Well the design definitely works. It’s just the material’s a bit flimsy. I suspected something would go wrong, but this almost looks like a novelty fretsaw now. When you tension that up the actual bar flexes. You can see the shape that it turns into. I think what I should have done, or what I should do if I were to carry on with this project. Is to take this section up here, and that section down there and extend them to follow along the frame. Which I can fix onto onto the side and the added material should help that become more rigid. Interestingly the 3D printed parts seems to be holding well. This is only PLA. I’m sure if I did with with ABS, it would be a little more tougher. I’m going to try cut something as well.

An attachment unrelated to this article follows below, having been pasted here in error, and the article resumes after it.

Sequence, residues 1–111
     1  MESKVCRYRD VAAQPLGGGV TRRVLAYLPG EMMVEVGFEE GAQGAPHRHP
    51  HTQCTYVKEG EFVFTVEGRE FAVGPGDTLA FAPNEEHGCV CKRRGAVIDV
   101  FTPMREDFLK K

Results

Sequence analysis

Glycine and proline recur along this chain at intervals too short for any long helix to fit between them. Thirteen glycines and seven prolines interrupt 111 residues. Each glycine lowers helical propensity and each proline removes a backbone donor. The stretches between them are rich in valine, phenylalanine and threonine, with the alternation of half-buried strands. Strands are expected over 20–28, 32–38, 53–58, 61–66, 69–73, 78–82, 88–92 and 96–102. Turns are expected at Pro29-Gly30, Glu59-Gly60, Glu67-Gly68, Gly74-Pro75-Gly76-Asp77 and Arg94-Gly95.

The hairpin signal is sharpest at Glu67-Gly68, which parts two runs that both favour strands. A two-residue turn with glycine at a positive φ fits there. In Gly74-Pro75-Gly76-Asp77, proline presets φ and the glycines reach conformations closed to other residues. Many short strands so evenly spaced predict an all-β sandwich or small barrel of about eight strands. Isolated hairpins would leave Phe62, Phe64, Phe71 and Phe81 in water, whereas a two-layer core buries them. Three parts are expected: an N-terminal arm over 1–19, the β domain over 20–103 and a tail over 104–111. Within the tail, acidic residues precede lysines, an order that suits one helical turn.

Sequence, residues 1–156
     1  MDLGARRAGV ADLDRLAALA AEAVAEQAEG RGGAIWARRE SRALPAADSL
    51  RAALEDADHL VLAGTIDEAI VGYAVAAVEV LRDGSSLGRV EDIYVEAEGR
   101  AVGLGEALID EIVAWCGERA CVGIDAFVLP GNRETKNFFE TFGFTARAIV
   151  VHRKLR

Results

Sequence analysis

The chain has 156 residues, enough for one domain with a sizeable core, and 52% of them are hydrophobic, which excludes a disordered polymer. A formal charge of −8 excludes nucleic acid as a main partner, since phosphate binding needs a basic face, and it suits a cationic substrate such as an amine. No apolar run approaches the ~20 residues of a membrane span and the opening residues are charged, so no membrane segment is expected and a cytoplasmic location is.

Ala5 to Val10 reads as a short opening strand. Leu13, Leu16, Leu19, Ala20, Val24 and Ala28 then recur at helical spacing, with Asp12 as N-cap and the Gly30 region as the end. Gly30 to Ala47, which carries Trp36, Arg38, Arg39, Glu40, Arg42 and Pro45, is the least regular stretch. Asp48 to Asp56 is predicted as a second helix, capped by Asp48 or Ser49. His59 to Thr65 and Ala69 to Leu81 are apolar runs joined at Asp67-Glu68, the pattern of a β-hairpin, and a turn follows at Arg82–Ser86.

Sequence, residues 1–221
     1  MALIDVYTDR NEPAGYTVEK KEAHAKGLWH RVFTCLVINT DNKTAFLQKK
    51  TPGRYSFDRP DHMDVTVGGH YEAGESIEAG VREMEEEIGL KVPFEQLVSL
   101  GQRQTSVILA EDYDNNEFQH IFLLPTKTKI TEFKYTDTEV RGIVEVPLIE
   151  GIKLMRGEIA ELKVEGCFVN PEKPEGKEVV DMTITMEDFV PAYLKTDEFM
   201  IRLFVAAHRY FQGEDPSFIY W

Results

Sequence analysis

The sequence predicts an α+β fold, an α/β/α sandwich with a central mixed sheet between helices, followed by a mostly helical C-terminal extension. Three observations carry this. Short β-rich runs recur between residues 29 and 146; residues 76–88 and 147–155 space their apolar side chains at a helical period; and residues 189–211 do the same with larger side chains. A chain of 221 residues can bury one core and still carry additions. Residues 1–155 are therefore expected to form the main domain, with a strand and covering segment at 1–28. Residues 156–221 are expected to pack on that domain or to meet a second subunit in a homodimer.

Ok I though I’d just try the old back on the saw and it’s actually made a difference. I can actually tension this a little bit. Ah it’s slipped out there. Argh the 3D printed part broke. Dam it. It’s lasted half an hour. A good proportion of the time you spent making it. If I can work out how to make these sections out of aluminium obviously it will be a lot more durable.

Anyway, this video has come to a natural end. I might come back to it in the future, or not. But what I’d like to do is make the files available – so that someone else, with a little more time and skill at bending mental, can have a go at making a clone of the clone. So the link to those will be in the description. As usual thanks again for watching and don’t forget to sacrifice a thururururur.

One thought on “Hobbies Cam Fretsaw (Reverse Engineering)

  1. Hi I have the other model lever frame saw the handle is straight & the centre screws up & down so you can use broken blades also it has a lever at the top to also tension the blade i bought this when i was at school so i could make various things from hobbies weekly paterns i was in my teens i still use it i am now 78 years old a fantastic fretsaw regards IAN